LONDON, March 23 (Reuters) – Russia will seek payment in roubles for gas sold to “unfriendly” countries, President Vladimir Putin said on Wednesday, and European gas prices have soared on fears the move could exacerbates the region’s energy crisis.
European nations and the United States have imposed heavy sanctions on Russia since Moscow sent troops to Ukraine on February 24. But Europe is heavily dependent on Russian gas for heating and power generation, and the European Union is divided on whether to sanction Russia’s energy sector.
Putin’s message was clear: if you want our gas, buy our currency. It is not clear whether Russia has the power to unilaterally modify existing contracts concluded in euros.
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The ruble briefly jumped after news of the shock to a three-week high after 95 against the dollar. It pared gains but remained well below 100, closing at 97.7 against the dollar, down more than 22% since Feb. 24.
Some European wholesale gas prices up to 30% higher on Wednesday. Wholesale gas prices in the UK and the Netherlands have surged.
Russian gas accounts for around 40% of Europe’s total consumption. EU gas imports from Russia have fluctuated between 200 and 800 million euros ($880 million) a day this year.
“Russia will, of course, continue to supply natural gas in accordance with the volumes and prices … set in previously concluded contracts,” Putin said in a televised meeting with government ministers.
“The changes will only affect the payment currency, which will be replaced by the Russian ruble,” he said.
German Economy Minister Robert Habeck called Putin’s request a breach of contract and other Russian gas buyers echoed the point.
“This would be a breach of payment rules included in current contracts,” a Polish government source said, adding that Poland has no intention of signing new contracts with Gazprom after their existing agreement expires at the end of this year.
Big banks are reluctant to trade Russian assets, further complicating Putin’s claim.
A spokesman for Dutch gas supplier Eneco, which buys 15% of its gas from Russian gas giant Gazprom’s German subsidiary, Wingas GmbH, said it had a long-term contract denominated in euros.
“I can’t imagine we’ll agree to change the terms of this.”
According to Gazprom (GAZP.MM), 58% of its natural gas sales to Europe and other countries as of January 27 were settled in euros. The US dollar represented about 39% of gross sales and the pound sterling about 3%. Commodities traded around the world are largely traded in US dollars or Euros, which account for around 80% of global foreign exchange reserves.
“There is no danger for the (gas) supply, we have checked, there is a financial counterpart in Bulgaria who can carry out the transaction also in rubles,” said Energy Minister Alexander Nikolov to journalists in Sofia. “We expect all sorts of action bordering on the unusual, but this scenario has been discussed, so there is no risk to payments under the existing contract.”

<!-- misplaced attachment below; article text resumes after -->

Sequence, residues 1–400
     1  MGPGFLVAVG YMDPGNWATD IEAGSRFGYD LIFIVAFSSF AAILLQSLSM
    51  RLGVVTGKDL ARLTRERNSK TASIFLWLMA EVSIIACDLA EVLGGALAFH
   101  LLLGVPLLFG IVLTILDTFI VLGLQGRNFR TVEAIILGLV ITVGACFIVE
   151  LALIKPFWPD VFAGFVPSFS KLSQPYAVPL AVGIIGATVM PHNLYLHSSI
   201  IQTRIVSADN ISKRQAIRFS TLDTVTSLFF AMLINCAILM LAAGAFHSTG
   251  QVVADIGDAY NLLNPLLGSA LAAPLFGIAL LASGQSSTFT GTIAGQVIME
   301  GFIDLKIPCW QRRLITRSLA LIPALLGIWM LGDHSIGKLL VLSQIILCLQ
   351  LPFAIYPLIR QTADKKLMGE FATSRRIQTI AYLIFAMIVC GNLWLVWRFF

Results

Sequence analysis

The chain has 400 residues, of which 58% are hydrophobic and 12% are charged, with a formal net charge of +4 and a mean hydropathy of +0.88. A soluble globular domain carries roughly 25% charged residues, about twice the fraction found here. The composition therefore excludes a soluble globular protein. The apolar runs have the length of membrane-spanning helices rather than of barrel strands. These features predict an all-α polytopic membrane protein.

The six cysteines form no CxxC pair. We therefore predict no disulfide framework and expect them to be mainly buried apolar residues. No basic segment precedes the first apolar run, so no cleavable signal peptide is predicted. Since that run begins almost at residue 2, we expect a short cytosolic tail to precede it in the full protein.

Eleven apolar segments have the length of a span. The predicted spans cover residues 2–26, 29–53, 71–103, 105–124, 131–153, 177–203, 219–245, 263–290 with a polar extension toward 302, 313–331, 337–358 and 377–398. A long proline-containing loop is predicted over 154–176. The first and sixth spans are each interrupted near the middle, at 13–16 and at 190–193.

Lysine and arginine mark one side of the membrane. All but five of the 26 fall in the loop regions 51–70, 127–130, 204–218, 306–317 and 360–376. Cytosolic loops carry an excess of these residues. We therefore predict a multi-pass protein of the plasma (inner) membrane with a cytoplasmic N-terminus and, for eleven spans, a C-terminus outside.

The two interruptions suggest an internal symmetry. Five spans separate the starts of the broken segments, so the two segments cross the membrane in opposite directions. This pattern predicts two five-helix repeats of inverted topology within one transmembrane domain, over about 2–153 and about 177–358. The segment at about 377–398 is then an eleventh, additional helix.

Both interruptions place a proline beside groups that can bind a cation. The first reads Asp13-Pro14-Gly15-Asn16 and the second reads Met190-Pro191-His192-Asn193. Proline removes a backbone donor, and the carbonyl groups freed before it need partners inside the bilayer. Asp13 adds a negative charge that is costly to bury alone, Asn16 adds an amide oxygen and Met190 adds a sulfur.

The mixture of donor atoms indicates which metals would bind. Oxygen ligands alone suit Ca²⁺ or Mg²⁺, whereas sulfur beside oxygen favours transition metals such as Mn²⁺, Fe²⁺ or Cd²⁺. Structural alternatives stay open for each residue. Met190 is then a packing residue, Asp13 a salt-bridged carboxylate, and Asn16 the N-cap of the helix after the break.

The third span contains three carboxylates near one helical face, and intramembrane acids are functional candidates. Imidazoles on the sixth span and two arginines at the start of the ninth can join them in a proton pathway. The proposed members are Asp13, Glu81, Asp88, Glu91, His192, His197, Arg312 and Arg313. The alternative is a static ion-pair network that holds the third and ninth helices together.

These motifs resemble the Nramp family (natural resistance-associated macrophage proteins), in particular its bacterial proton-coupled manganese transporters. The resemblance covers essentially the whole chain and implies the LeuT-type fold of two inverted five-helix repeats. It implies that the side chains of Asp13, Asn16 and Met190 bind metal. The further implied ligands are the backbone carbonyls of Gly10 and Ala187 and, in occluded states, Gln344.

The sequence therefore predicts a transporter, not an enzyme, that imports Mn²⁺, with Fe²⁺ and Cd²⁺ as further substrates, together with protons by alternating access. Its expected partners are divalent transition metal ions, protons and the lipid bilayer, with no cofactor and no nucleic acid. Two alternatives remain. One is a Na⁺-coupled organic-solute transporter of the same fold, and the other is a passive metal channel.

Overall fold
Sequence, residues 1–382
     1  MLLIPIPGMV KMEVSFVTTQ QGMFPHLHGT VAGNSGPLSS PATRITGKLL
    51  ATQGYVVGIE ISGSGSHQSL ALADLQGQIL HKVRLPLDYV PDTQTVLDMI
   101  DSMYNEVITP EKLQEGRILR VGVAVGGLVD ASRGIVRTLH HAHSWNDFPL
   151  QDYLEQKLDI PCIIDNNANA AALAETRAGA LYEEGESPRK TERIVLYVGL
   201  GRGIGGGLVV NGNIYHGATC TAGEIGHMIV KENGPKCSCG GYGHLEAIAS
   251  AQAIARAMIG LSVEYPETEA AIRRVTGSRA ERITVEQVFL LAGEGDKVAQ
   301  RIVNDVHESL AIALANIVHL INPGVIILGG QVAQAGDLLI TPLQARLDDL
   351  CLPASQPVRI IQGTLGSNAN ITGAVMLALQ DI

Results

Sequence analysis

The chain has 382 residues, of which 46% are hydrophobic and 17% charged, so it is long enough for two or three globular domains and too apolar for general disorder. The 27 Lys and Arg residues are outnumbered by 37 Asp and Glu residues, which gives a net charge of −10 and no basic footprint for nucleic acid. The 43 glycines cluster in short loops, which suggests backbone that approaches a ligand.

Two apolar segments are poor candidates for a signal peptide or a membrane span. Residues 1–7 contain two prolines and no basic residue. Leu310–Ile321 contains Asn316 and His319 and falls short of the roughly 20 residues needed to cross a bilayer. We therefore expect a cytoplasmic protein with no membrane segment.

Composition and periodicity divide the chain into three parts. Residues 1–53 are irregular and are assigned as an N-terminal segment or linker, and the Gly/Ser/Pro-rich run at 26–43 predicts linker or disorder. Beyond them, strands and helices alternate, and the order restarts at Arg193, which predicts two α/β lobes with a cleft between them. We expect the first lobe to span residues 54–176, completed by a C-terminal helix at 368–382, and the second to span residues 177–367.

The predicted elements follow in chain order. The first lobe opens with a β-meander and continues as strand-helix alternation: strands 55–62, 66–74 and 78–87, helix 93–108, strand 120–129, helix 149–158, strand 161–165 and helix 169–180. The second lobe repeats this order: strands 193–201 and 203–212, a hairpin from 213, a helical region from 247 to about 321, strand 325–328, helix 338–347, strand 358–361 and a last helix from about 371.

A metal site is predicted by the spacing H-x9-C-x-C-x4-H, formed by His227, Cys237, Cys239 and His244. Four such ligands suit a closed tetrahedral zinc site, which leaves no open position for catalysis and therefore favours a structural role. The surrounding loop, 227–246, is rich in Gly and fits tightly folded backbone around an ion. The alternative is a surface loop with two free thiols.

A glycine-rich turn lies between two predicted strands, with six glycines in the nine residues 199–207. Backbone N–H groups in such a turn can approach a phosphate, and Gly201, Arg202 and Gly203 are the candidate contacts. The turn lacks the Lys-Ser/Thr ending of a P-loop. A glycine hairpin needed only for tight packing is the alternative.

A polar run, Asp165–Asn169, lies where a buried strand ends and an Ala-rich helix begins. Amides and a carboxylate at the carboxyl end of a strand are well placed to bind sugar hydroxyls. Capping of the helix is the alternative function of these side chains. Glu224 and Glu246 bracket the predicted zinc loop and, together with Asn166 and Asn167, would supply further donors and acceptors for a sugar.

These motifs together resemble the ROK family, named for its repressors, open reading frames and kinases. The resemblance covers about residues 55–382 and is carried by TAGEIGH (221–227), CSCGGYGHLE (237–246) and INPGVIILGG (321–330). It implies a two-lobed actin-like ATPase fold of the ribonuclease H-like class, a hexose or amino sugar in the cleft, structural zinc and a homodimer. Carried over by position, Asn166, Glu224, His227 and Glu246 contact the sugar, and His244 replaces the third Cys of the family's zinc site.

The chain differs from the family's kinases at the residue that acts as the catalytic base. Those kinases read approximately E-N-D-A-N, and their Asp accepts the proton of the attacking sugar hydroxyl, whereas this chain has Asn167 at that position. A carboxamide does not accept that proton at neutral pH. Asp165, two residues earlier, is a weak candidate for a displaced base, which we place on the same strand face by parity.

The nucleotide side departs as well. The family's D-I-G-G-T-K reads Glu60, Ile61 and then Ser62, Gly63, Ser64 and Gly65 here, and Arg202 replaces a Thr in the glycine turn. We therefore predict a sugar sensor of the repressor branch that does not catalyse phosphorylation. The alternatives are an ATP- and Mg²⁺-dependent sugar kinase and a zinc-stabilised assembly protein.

Several companies, including oil and gas majors Eni, Shell and BP, RWE and Uniper – Germany’s largest importer of Russian gas – declined to comment.
“It’s unclear how easy it would be for European customers to convert their payments into rubles given the scale of these purchases,” said Leon Izbicki, partner at consultancy Energy Aspects. He said, however, that the Russian central bank could provide additional liquidity to the foreign exchange markets, which would allow European customers and banks to raise the necessary rubles.
Moscow describes its actions in Ukraine as a “special military operation”. Ukraine and its Western allies call this a baseless pretext.
ONE WEEK DEADLINE
Putin said that the government and the central bank had one week to find a solution on the transfer of operations to Russian currency and that Gazprom would be ordered to make corresponding changes to the contracts.
In gas markets on Wednesday, eastward gas flows through the Yamal-Europe pipeline from Germany to Poland fell sharply, according to data from pipeline operator Gascade.
“Russia’s moves can also be interpreted as provocative and may increase the possibility of Western nations toughening sanctions against Russian energy,” said Liam Peach, Emerging Europe economist at Capital Economics.
The European Commission has said it plans to cut the EU’s dependence on Russian gas by two-thirds this year and end its dependence on Russian supplies ‘well before 2030’ .
But unlike the US and Britain, EU states have not sanctioned Russia’s energy sector. The Commission, the executive branch of the 27 EU countries, did not respond to a request for comment.
Habeck said he would discuss with European partners a possible response to Moscow’s announcement. Dutch Prime Minister Mark Rutte said more time was needed to clarify Russia’s request.
“In their contracts it’s usually specified in what currency it should be paid, so it’s not something you can change like that,” Rutte said during a debate with parliament.
Russia has drawn up a list of “unfriendly” countries corresponding to those that have imposed sanctions. Agreements with companies and individuals in these countries must be approved by a government commission.
Countries include the United States, European Union member states, Great Britain, Japan, Canada, Norway, Singapore, South Korea, Switzerland, and Ukraine. Some, including the United States and Norway, do not buy Russian gas.
The United States is consulting with its allies on the matter and each country will make its own decision, a White House official told Reuters. The United States has already banned imports of Russian energy.
($1 = 0.9097 euros)
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Reporting by Reuters journalists; written by Nina Chestney; edited by Catherine Evans, Carmel Crimmins, Jonathan Oatis and David Gregorio
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